July in poker means just one thing: Main Event time at the World Series of Poker. While much of the pre-tourney speculation centered on the number of entrants (which turned out to be 6,358, slightly higher than most predictions), once the action began all attention was focused on who would march toward the bracelet and add his name into poker history. Other big events wrapped up as well, and the usual sprinkling of news 'from the outside' made it an interesting month:
Yang Wins 2007 WSOP Main Event — Jerry Yang's triumph in the 2007 World Series of Poker Main Event was a true rags-to-riches tale. Yang, an immigrant refugee who scraped his way to a better life after arriving in the U.S., won a seat to the ME in another casino tournament and made it pay off in the biggest way possible, for $8.25 million. Yang was one of the shortest stacks at the start of the ME final table but put on a brash display of aggressive poker, quickly surging into the lead and picking off opponents one by one. The last to fall was Canadian Tuam Lam, who cashed for $4,840,981 as the runner-up. South African Raymond Rahme finished third ($3,048,025) and emerging Russian star Alex Kravchenko, who had won a bracelet earlier in the Series, took fourth ($1,852,721) in perhaps the most international Main Event final table the WSOP had ever seen.
Mizrachi Claims $10K PLO World Championship — Robert Mizrachi became the first of the poker-playing Mizrachi brothers to snare a WSOP winner's bracele when he captured Event #50, World Championship Pot-Limit Omaha. Mizrachi topped one of the best final tables of the entire WSOP, which also included Doyle Brunson making a run at tying Phil Hellmuth's recently set mark of 11 career WSOP bracelets. Brunson's run fell short, though, as did those of Patrik Antonius and Marco Traniello. In the end it was Mizrachi who surged to the win and $768,889 in prize money, finishing off Rene Mouritsen ($464,877) for the title. Antonius ended up third and start-of-day chip leader Tommy Ly took fourth.
Edler Scores Bracelet in $5K Short-Handed Final — Among the breakthrough performances at the 2007 WSOP was the win by Bill 'The Stunning One' Edler. Edler, a well respected poker-circuit veteran and among the most well liked of all tourney players, put together a remarkable year in 2007, the keystone of which was his triumph in Event #45, $5,000 No-Limit Hold'em (Short-Handed). Edler came from being one of the short stacks entering the six-player final to overtake early leaders Alex Bolotin and Erik Friberg, finally claiming the $904,672 win; Bolotin and Friberg finished in second and third, respectively. Edler's win immediately drew enthusiastic raves from fellow players, glad for the long-time pro's breakthrough success.
NETeller Funds Distribution Begins — Finally, after a wait of more than six months, U.S.-based NETeller customers were able to access and withdraw their account balances that had been frozen by the U.S. in its crackdown against the popular e-waller service. No other options besides withdrawal were available. U.S. customers were able only to choose between an electronic file transfer to an existing and pre-registered bank account or a withdrawal by paper check, and as July ended and August began, the vast majority of the frozen funds were reclaimed by U.S. owners. The final total that was repaid bounced up and down, but was ultimaely reported to be about $136 million. A few weeks earlier, NETeller co-founder John David Lefebvre had followed his one-time partner Steven Lawrence in accepting a plea deal offered by the U.S., on one count of criminal conspiracy connected to earlier NETeller operations.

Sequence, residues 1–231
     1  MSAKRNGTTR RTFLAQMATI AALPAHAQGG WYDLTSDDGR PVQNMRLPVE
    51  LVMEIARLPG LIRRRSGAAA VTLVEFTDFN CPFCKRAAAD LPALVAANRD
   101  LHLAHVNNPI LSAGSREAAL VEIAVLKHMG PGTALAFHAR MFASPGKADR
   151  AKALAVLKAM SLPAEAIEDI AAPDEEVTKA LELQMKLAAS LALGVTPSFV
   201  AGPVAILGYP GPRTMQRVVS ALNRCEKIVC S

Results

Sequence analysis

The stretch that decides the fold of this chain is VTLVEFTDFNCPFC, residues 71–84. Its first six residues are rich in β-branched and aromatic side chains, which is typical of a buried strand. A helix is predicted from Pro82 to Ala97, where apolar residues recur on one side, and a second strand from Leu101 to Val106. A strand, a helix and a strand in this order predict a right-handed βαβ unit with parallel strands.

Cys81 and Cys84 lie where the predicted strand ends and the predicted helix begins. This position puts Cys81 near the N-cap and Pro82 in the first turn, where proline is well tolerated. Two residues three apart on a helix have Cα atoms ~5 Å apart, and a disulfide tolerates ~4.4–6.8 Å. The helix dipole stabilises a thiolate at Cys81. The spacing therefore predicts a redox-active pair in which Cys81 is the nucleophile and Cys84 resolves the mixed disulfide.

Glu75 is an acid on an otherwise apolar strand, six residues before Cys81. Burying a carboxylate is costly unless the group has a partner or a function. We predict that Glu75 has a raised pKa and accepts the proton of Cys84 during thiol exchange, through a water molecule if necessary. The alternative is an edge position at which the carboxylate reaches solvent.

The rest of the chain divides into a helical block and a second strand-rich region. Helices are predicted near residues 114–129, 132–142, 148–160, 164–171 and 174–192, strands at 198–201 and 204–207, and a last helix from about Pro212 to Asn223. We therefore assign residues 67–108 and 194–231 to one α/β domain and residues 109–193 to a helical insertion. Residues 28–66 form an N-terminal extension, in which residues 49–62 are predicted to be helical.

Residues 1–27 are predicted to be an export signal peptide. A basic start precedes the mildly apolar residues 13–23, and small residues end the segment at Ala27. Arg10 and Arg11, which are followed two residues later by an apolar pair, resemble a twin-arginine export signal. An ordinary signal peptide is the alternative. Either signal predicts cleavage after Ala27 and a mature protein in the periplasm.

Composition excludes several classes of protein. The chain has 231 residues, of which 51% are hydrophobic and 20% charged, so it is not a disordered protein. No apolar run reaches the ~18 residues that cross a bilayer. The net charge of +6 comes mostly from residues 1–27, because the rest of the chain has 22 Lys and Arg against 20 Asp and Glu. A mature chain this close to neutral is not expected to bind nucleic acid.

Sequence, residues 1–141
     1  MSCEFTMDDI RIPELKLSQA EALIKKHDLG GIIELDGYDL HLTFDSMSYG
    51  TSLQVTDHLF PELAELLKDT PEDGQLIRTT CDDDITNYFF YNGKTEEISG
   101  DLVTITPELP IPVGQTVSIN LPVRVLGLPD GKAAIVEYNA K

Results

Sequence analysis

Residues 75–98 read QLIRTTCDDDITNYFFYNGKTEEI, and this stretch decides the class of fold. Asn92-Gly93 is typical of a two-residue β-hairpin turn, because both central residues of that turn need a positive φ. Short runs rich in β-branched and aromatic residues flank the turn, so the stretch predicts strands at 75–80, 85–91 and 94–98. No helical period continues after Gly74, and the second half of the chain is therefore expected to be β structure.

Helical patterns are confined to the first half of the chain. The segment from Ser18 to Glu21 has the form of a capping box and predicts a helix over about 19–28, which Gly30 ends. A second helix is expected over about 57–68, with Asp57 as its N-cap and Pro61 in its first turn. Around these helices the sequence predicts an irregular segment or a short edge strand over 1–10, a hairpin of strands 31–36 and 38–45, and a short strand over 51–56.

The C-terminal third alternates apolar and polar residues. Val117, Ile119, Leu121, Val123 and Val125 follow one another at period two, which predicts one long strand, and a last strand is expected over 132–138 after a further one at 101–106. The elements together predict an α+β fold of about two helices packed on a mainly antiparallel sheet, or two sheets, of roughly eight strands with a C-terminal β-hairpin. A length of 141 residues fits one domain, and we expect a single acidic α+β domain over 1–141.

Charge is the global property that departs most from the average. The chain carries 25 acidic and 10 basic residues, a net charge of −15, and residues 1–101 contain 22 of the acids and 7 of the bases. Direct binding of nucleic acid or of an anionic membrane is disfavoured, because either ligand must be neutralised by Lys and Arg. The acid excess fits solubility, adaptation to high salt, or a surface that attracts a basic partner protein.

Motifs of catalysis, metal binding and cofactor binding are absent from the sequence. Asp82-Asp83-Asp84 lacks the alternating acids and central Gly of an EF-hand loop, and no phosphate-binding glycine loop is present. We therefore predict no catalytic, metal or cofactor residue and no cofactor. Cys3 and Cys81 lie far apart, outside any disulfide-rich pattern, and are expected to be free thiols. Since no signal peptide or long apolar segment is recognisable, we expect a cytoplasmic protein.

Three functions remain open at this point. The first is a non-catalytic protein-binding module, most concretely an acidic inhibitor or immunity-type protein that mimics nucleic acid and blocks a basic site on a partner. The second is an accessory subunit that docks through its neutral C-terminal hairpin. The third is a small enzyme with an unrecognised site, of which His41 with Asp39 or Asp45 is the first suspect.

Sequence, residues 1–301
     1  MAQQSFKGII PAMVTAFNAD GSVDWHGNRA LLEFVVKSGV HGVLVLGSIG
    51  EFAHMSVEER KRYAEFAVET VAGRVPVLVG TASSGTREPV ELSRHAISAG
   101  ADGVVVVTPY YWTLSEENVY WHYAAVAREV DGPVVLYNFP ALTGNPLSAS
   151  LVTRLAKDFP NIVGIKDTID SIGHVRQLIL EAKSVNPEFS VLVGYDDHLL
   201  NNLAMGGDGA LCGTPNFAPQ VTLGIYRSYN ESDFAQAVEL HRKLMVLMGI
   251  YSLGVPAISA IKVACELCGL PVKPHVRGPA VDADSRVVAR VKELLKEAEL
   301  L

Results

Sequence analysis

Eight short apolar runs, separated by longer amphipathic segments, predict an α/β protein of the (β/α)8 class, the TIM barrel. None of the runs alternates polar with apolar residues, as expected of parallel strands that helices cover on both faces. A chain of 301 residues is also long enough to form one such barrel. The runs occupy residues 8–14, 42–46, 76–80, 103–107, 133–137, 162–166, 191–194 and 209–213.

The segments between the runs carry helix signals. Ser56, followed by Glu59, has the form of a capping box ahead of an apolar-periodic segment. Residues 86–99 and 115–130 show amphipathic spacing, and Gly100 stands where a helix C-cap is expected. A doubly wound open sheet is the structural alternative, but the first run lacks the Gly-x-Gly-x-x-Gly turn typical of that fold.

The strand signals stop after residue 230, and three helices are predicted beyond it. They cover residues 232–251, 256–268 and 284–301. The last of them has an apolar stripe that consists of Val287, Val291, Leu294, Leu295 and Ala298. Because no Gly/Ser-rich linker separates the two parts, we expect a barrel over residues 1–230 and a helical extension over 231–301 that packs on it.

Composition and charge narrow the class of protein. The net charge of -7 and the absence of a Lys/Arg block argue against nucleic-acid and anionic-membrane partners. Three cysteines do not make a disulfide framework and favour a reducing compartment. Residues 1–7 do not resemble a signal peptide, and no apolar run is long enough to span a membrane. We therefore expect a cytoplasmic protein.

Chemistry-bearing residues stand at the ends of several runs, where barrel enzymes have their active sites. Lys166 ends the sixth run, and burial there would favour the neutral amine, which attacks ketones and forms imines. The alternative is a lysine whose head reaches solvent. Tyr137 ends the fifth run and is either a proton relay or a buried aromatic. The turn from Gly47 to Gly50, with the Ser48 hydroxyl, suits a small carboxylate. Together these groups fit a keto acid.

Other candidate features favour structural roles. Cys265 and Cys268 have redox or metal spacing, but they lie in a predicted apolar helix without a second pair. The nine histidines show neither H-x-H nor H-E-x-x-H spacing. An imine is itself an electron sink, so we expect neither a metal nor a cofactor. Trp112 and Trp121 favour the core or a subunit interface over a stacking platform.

Billavara Triumphs Over Huge $1,500 NLHE Field — Throughout the 2007 WSOP, the $1,500 and $2,000 No-Limit Hold'em freezeout events poved popular like no other, save the Main Event itself. Each time one of these went off, the Amazon Room and the adjacent Poker Pavilion were stuffed to (and sometimes beyond) capacity. Event #49, the last $1,500 NLHE event, was no exception, setting a record for a non-Main Event tourney with its 3,151 entrants. Three days later, Chandrasekhar Billavara emerged from the chaos with the title and $722,914 in winnings. The huge fields these moderately prices events garnered drew the attention of Harrah's and WSOP brass, who added more of these events to the '08 WSOP schedule.
Laak, Eslami Score One for Humans in Man-Machine Poker Championship — Conducted as part of the Association for the Advancement of Artificial Intelligence in Vancouver, Canada, the first ever Man-Machine Poker Championship took place in late July. Representing the humans were pros Phil Laak and Ali Eslami, who went on to eke out a narrow victory in four matches over two days against Polaris, a poker-playing software program developed at the University of Alberta. The game was heads-up limit hold'em, perhaps the simplest form of poker for which to conduct a 'logic tree' of potential decisions, and the program --- the current result of years of work by U. of Alberta artificial-intelligence researchers --- put up a solid battle before losing in a narrow decision.